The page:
ALBEMARLE COUNTY, Va. (WVIR) - The Emily Couric Leadership Scholarship winner has been announced for 2021. The recipient is Albemarle High School senior Aditi Prakash, who is helping hundreds of children stay engaged through the pandemic.
Each year, the Emily Couric Leadership Forum board selects 10 young women from Charlottesville and Albemarle County area high schools to receive thousands of dollars in scholarships.
This year, the board is recognizing Aditi Prakash with $35,000 to go to Stanford University in the fall.
“It’s truly been a blessing to be even considered for this award and going to Stanford too...it’s all like a dream come true,” Aditi Prakash said.
“We’re just so incredibly proud, but then I think every kid worked so hard,” Aditi’s mother, Rashmi Prakash said. “This pandemic has been so hard on children.”
Prakash earned her spot as a nominee through her work encouraging young kids to get involved with STEM.
“I wanted to help the kids through the pandemic as they weren’t in school anymore,” she said. “I started this science kit program where we create and deliver kits to the Boys and Girls Club and the library.”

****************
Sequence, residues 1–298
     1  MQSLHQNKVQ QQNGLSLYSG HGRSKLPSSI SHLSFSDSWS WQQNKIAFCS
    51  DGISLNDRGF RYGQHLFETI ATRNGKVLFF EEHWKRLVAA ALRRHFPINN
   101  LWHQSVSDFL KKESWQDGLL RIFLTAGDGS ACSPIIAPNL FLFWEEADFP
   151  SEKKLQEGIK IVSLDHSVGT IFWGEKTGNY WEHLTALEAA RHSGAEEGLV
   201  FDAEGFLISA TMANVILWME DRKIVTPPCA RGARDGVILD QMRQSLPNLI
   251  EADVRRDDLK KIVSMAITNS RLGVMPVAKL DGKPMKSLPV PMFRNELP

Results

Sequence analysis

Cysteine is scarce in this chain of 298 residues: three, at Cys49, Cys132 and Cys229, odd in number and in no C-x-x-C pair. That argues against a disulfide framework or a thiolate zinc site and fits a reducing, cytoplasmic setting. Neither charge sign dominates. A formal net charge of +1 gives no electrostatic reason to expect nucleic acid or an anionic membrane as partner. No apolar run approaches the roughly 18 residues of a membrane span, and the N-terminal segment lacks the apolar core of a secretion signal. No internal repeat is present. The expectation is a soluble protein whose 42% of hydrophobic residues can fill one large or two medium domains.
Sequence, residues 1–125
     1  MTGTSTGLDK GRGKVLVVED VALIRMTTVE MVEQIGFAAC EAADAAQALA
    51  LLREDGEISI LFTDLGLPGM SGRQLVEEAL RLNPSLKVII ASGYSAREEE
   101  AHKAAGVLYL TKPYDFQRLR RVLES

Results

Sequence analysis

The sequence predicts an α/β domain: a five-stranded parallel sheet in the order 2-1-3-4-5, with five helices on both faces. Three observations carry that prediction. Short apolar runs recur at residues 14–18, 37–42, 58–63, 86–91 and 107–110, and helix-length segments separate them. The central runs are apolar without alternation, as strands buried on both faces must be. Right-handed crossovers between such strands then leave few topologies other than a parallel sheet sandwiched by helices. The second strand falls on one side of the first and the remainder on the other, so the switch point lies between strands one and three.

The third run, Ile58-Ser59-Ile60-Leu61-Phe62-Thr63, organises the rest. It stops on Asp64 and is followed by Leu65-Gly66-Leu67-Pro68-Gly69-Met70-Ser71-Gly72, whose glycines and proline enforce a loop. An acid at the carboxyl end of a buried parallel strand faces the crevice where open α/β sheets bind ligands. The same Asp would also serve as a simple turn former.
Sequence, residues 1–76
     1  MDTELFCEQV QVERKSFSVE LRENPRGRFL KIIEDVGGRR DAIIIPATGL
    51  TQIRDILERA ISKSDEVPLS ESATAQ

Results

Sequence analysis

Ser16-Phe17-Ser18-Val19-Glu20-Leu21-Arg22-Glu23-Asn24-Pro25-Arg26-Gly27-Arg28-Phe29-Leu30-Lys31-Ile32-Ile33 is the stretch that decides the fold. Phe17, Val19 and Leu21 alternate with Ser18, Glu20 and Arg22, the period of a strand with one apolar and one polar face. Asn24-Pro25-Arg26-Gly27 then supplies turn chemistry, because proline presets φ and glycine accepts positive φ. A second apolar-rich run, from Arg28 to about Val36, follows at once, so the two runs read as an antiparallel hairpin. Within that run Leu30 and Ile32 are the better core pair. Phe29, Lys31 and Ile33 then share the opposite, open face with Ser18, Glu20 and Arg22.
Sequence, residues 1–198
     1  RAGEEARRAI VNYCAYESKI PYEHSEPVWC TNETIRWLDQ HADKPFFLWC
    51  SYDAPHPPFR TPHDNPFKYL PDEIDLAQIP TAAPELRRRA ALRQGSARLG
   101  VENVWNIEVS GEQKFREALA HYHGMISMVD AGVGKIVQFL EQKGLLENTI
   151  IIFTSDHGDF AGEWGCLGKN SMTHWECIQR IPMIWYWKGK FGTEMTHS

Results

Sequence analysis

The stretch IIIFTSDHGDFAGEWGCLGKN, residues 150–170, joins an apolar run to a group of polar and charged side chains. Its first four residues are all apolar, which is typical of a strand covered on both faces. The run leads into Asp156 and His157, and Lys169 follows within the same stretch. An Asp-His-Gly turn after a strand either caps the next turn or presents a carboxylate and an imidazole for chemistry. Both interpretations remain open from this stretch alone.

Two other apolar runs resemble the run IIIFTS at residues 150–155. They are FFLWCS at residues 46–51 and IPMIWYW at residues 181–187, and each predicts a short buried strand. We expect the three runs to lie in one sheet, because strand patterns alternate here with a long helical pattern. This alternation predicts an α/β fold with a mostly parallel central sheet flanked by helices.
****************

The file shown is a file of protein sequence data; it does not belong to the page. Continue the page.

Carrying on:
Prakash named the program Key To Learning. She creates hands-on kits and lessons for kids since she realized there was a lack of diversity in the STEM field.
“That’s why we’re making these kits for elementary schoolers from third grade to sixth grade, so they can explore their interests when they’re young,” Prakash said.
The kits have become wildly popular across Charlottesville and Albemarle County.
“So far, we’ve delivered 200 kits but this week we’re making 400 to deliver to elementary schools,” Prakash said.
The teachers around town praise her for the work.
“She brought the kits over and was checking on us a little later and was like ‘Hey I made more kits would you love some more?’ and I was like ‘yes!’ because more clubs are asking for how we get our hands on those kits as well,” Chase Rohan, STEM teacher for the Boys and Girls Clubs of Central Virginia said.
Rohan thinks the kits are genius.
“They’re already doing virtual schooling and that is tough on everyone,” Rohan said. “The fact that they can unplug from the computer, unplug from devices, and still learn and do something fun and engaging- it’s amazing and inspiring.”
Prakash even took her talents a step further beyond just the science kits.
“Also this year, I started a mentoring program where we pair our high schoolers up with elementary schoolers to help them with their homework and just emotionally help them through the pandemic,” she said.